There is a "Walkable Residential Neighborhood" in Your Future . . .
For the past several years Omaha by Design has been working to improve the physical and social environment of Omaha. The goal is to help create "an Omaha that's connected, smart, significant, sparkling and fun." The "Urban Design Element" implements the Omaha by Design concepts and goals and will result in "long-term improvements to our streetscapes, signage, landscaping, building design, pedestrian networks and public spaces. It will improve the connections between our neighborhoods, commercial centers and civic districts."
Omaha by Design's "Urban Design Element Implementation Measures" were summarized
in a special supplement to the Sunday, August 5th, edition of the Omaha World-Herald. (My supplement was in the big mass of flyers and advertising inserts that comes all wrapped together with the Sunday paper. If you throw all that away enmass like I usually do, then you missed this special supplement from Omaha by Design. You may want to dig it out of the recycling bin before it is too late.)
See page 10 on Walkable Residential Neighborhoods. Leytham is mentioned as an example of the type of neighborhood that Omaha by Design seeks to promote. I have highlighted the parts below that are in bold type.
Here is the quote from this section:
Walkable Residential Neighborhoods
Recent studies have shown that Americans feel increasingly disconnected from their communities, and the consequences of this disconnection are far-reaching. Some cities have attempted to address this issue by encouraging denser housing developments that are pedestrian-friendly and designed for active use. The Walkable Residential Neighborhood (WRN) (§55-208 to §55-215) designation will bring this concept to suburban parts of Omaha, offering homeowners a safer, more appealing outdoor environment that encourages physical activity and social interaction.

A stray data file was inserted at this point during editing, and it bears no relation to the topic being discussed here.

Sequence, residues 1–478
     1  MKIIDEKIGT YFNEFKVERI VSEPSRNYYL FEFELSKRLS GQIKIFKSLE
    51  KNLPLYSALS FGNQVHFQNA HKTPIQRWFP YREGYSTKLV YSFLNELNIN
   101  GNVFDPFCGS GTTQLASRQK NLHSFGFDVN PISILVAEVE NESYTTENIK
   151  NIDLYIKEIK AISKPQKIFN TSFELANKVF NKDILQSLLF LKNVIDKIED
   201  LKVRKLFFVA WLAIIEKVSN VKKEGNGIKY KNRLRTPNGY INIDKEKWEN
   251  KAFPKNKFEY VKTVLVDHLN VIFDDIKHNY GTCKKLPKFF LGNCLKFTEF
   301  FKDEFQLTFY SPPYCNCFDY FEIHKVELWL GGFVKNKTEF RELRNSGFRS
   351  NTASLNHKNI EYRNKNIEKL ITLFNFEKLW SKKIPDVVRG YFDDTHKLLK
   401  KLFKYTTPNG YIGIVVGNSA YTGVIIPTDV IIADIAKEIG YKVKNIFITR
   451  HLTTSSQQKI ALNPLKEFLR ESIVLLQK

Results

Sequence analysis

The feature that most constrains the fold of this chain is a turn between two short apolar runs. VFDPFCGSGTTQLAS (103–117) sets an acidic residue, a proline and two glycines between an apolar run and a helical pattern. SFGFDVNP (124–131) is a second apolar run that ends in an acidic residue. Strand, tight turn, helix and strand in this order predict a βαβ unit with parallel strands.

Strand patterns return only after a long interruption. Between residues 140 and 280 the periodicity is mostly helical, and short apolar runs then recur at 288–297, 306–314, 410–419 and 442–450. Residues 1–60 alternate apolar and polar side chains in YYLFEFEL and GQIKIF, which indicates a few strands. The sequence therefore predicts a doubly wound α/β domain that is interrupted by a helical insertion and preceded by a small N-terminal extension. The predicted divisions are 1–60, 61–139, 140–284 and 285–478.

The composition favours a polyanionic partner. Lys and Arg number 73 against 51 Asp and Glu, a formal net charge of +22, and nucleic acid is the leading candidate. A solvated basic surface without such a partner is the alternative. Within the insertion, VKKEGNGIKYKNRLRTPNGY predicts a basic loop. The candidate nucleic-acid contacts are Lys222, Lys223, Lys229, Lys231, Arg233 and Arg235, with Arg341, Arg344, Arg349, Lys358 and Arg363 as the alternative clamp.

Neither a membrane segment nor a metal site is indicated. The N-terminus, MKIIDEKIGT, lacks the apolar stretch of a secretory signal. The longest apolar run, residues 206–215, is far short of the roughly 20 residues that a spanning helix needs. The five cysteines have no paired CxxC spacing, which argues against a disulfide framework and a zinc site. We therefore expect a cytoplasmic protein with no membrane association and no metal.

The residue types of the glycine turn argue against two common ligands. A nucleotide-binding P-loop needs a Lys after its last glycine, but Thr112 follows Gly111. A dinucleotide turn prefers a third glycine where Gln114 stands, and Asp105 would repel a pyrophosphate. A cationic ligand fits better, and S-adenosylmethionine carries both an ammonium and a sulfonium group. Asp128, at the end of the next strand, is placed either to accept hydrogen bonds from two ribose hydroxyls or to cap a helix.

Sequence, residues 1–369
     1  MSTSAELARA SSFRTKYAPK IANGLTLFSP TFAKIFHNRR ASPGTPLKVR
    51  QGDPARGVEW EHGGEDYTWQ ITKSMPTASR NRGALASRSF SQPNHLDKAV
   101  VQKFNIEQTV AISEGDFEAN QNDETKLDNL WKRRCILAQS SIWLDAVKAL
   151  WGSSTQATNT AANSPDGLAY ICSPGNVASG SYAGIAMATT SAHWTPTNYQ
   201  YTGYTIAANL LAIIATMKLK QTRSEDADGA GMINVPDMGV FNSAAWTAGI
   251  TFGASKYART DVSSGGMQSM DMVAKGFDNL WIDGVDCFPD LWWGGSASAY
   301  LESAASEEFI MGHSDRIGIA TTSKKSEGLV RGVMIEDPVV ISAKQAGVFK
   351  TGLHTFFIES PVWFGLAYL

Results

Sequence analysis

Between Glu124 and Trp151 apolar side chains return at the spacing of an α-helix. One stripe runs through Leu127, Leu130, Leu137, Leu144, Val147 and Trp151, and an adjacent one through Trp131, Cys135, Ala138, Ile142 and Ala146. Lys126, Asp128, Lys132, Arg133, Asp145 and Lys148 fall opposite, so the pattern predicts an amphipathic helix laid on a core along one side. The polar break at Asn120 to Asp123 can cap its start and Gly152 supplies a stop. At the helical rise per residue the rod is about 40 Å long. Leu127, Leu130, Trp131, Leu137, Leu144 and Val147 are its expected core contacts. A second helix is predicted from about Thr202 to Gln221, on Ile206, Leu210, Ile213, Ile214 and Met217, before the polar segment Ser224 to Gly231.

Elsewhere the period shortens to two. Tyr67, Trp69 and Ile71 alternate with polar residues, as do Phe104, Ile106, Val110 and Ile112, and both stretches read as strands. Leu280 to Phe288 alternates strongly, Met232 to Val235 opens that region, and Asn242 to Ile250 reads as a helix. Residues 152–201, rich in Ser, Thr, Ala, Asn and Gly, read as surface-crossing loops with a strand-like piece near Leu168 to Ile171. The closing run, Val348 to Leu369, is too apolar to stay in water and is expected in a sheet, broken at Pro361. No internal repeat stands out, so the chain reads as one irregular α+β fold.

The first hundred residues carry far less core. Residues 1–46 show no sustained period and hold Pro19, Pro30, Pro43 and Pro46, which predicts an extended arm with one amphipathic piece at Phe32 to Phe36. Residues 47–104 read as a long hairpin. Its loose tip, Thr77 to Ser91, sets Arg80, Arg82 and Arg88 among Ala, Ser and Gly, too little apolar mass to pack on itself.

The WRN will be voluntarily initiated by developers. It sets out site development standards that are modeled after old style, pedestrian-oriented neighborhoods such as Benson and Dundee. While the current zoning codes tend to separate uses, the WRN encourages a mix of uses so that people can walk from their homes to shops, libraries and other civic amenities. The intent is to stimulate new residential development patterns in Omaha that contain a mix of housing types like Leytham at 168th and State streets.
The WRN is intended as a separate zoning option—it is not an overlay. It carries several criteria that developers must meet regarding the set-back of units from the public right-of way, the width of lots and the height of buildings. Projects will be approved on the basis of meeting these quantitative guidelines as well as the overall quality of the site plan.
Copyright (c) 2007 Omaha World-Herald 08/05/2007
The page also featured this rendering of Leytham showing the market hall and the farmers' market.
For more information see: www.OmahaByDesign.org
Yours for the improved physical and social environments that Omaha by Design seeks to foster,